New York native, global trendsetter, and co-owner of Wölffer Estate Vineyard-Joey Wölffer - is a well-known name among the Hamptons locals. Her family owned winery, called The Wölffer Estate Vineyard, is the summer hot spot for delicious rosé and amazing views.
But, now Wölffer is making her own business with the Styleliner. The Styleliner, which was launched in June of 2010, is the first-ever mobile luxury store on wheels. You can find a collection of Italian leather handbags and unique accessories on this mobile boutique. Last year, she debuted her eponymous collection of handbags, which combines hand-woven leather straps and rare embellishments from around the world. Along with the fashion truck, Wölffer has opened up the first ever brick and mortar store in Sag Harbor, NY.
Following in the footsteps of her great-great grandfather who established one of the leading retailers in the UK, Marks and Spencer, fashion is clearly in her blood. As soon as Wölffer finished college, she jetted to London to start a career in fashion and landed an internship with a well-known jewelry designer.
"While I was an assistant in London, the owner of the company fired her main designer and hired me right off the bat," says Wölffer, “I had no experience, but it was the biggest test and also the most exciting time of my life."
After London, Wölffer headed to New York City to continue her career in fashion. “Having had a fashion career in London made me extremely hirable in New York," says Wölffer. In New York, she joined the Johns group, and worked alongside the trend director, head designers, and the sales department. While working there, she also did a lot of traveling, which is what sparked her idea for Styleliner.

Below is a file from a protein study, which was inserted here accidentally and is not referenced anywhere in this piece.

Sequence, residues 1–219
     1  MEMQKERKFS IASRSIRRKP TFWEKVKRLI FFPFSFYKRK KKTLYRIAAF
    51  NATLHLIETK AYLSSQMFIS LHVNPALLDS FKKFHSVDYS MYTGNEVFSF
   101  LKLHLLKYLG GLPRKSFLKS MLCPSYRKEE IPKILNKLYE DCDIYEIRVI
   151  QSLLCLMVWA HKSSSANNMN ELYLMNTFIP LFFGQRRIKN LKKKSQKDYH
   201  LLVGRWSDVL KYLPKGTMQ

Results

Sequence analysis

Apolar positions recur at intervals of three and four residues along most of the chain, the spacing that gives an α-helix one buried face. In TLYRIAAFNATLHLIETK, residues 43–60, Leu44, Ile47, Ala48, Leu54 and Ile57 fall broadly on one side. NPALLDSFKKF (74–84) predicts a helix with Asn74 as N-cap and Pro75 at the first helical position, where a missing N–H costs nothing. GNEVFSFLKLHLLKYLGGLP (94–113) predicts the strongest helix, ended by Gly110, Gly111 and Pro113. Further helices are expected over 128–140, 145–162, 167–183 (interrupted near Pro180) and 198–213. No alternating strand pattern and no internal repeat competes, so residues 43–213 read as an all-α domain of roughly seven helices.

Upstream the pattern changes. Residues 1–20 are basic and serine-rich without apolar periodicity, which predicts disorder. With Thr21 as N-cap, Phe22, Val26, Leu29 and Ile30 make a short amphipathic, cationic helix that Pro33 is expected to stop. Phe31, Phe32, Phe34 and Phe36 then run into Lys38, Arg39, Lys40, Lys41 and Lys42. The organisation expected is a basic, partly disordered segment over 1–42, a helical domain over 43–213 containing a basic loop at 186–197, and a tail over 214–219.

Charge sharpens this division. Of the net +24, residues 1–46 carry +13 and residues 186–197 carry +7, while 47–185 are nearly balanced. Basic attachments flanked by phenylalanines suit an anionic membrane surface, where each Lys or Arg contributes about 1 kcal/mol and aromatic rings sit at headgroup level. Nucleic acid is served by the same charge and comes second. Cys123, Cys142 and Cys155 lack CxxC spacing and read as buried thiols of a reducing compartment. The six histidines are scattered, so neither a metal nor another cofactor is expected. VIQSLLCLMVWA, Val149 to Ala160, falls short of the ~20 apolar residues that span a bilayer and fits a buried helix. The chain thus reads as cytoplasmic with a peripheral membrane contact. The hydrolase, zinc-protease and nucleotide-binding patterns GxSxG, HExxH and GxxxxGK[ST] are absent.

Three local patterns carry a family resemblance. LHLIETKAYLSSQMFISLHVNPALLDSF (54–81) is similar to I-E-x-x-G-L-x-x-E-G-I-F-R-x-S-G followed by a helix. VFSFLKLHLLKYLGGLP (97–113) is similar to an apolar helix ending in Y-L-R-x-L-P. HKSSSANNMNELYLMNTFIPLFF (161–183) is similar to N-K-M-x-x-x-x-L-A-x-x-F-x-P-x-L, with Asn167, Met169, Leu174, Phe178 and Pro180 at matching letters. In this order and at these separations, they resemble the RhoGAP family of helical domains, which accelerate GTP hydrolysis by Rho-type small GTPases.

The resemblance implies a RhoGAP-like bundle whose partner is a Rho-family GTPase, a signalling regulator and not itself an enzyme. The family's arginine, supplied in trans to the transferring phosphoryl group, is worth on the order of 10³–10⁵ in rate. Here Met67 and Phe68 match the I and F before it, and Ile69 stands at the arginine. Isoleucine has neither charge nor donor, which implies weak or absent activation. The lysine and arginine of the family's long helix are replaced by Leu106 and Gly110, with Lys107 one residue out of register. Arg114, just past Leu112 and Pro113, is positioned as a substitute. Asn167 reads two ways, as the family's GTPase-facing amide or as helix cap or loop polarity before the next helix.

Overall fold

“When I was 26, my dad passed away. That was when I knew that I could not just work in the corporate world forever, so I decided that it was time to start my own business," stated Wölffer. From her background in jewelry to her roots in the Hamptons, all of her unique aspects are incorporated into the brand. “The Hamptons style is pretty relaxed, but people always dress up when they are laying back." said Wölffer. She also incorporates her childhood memories of growing up on a farm into her brand as well. “My brand is free spirited and definitely more bohemian, but also it has its individual style- you are not going to see someone else walking down the street with a similar bag or accessory." Wölffer said.
The first products that she debuted were the handbags. “I love accessories, and I felt that at the time I started, jewelry was over saturated. So, I went with bags, and I knew that the sable bags were going to be a special piece." Wölffer said. Starting with the saddlebag, her brand has also branched out into different categories like jewelry and clothing. As of now, Wölffer has pop up shops throughout the US. “We are opening a new pop up shop in LA in March that I am really looking forward too," said Wölffer. In the near future, Wölffer aspires to have a shop within a shop in big stores like Nordstrom's or Bloomingdales.
Dr. Victoria Bateman, an esteemed economist best known for her nude protests for gender equality, uses her body as a form of art that serves to challenge the stigma around women's bodies and women's rights, in the world of economics. In March 2018, Bateman attended the annual conference of the Royal Economic Society in Brighton stark naked with the word "respect" written across her chest and stomach. Unbashful in delivering her message, Bateman was determined to start a conversation.